Each of the four giant gas planets in the outer Solar System is orbited by rings of dust and small particles of matter. Saturn is famous for its rings.
Through a telescope, the prominent rings girdling its equator make Saturn a stunning sight. The rings, 375,000 miles across, make the planet shine brightly for astronomers. Galileo saw the rings first in 1610. Huygens recognized them as a system in 1656.
Pioneer-Saturn. The interplanetary probe Pioneer 11 flew by Jupiter in 1974 and Saturn in 1979. It sent back pictures from inside Saturn's rings.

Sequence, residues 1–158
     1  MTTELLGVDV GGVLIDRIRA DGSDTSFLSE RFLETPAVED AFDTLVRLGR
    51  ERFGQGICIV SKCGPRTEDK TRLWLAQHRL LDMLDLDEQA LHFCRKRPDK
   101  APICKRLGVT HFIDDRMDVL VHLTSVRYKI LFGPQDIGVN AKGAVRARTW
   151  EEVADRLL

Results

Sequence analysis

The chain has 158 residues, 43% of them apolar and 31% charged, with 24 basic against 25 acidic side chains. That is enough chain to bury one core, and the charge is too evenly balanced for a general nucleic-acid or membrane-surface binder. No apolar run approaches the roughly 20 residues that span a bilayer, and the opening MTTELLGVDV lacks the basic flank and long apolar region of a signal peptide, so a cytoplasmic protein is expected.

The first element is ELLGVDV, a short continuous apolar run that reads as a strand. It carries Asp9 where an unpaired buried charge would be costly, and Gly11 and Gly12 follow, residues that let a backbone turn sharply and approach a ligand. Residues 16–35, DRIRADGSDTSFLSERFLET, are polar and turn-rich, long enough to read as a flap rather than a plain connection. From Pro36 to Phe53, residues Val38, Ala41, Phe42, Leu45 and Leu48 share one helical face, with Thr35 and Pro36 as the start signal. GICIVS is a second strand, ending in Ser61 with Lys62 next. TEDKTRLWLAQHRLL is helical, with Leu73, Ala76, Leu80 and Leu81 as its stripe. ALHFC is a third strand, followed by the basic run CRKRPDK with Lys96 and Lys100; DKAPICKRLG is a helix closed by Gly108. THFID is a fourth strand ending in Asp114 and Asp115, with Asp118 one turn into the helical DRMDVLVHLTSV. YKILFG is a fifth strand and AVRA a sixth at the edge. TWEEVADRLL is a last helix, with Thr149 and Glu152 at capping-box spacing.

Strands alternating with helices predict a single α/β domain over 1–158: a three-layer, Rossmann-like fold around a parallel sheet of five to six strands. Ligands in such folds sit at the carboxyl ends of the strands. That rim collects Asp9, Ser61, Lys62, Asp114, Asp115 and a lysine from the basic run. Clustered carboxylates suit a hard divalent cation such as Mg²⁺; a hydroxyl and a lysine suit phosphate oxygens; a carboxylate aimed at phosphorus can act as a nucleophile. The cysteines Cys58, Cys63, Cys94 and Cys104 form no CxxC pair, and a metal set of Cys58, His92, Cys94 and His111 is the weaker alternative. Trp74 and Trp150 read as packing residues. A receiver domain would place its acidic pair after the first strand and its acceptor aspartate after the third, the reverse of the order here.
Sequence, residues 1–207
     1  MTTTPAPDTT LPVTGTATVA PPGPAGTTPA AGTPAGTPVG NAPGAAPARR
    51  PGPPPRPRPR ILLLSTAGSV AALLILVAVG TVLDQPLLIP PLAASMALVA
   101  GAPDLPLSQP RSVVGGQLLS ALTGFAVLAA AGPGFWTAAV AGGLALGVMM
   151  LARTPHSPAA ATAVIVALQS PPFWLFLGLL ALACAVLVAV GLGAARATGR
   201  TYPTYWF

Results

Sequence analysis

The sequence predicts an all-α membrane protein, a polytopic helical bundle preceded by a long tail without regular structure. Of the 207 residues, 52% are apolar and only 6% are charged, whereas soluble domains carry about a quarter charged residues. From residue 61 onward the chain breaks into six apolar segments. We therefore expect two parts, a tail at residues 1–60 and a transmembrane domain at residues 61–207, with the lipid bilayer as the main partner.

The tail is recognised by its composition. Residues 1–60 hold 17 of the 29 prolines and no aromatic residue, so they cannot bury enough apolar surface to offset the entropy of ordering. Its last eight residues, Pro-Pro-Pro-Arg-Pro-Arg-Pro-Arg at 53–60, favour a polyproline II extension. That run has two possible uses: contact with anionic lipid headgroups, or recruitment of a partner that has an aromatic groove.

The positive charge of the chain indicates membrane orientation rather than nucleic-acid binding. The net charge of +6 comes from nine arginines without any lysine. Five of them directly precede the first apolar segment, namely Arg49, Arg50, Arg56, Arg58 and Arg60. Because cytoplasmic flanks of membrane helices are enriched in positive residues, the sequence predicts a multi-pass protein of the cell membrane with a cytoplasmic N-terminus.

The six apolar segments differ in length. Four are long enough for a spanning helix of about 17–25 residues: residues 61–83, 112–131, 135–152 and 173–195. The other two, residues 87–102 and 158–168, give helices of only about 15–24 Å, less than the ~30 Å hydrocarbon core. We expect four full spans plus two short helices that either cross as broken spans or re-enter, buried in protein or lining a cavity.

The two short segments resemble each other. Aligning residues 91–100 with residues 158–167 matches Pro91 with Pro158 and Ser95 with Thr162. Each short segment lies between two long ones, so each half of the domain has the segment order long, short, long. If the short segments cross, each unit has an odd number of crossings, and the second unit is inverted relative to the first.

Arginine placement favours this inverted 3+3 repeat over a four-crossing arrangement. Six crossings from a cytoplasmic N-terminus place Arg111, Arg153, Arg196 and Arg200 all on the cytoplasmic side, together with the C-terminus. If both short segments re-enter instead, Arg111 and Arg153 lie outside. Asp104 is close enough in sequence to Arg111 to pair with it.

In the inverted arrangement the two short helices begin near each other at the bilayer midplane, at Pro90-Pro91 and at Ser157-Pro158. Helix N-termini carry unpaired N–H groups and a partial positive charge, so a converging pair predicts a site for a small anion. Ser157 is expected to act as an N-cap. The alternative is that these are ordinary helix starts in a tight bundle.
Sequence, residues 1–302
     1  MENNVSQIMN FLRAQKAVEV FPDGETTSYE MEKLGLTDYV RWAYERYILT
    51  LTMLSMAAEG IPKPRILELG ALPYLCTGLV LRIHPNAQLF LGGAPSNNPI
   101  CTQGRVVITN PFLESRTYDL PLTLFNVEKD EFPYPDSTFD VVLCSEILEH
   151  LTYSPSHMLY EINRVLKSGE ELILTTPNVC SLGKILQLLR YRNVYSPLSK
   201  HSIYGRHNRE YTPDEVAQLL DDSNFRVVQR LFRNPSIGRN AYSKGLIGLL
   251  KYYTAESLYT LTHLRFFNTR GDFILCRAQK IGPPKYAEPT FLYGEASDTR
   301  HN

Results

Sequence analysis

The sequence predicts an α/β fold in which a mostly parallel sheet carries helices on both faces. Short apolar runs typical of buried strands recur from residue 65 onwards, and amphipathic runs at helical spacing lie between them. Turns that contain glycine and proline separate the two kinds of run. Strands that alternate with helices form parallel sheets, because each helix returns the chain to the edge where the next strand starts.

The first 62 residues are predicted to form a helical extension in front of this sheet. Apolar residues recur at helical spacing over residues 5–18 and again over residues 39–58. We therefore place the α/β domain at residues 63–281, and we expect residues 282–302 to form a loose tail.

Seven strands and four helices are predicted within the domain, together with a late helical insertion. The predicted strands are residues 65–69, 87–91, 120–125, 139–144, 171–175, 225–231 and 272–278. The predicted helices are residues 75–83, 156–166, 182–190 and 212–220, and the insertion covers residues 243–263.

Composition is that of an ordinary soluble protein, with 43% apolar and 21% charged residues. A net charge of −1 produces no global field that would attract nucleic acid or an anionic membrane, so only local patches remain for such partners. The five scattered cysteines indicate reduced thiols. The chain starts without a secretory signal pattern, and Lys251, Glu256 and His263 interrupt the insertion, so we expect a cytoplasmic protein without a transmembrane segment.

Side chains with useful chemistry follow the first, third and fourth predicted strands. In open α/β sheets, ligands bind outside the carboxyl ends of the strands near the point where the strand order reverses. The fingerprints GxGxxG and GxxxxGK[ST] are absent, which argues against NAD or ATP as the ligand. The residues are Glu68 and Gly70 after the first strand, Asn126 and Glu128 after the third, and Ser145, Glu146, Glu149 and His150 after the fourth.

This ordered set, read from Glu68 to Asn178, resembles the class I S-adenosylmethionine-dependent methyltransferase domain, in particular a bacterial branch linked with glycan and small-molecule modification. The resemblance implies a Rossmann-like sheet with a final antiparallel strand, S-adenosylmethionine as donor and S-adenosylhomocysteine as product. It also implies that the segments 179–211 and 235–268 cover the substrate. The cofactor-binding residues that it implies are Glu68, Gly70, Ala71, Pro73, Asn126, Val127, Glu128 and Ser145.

While looking at the rings around Uranus, the interplanetary probe Voyager 2 uncovered strange incomplete-circle formations now called ring arcs. The many rings and arcs varied in depth and density.
Shattered moon. In fact, Voyager found nine rings around Uranus, but they were quite different from Jupiter and Saturn rings. Uranus' rings may be young remnants of a shattered moon. Two moons have been identified as shepherds that keep eleven large rings around Uranus from spreading into space.
Voyager found four complete rings around Neptune, but no partial ring arcs. The fine material in the rings is so diffuse they cannot be seen from Earth.
Solar System: The Sun Inner System: Mercury Venus Earth Mars Outer System: Jupiter Saturn Uranus Neptune Pluto Other Bodies: Moons Rings Asteroids Comets
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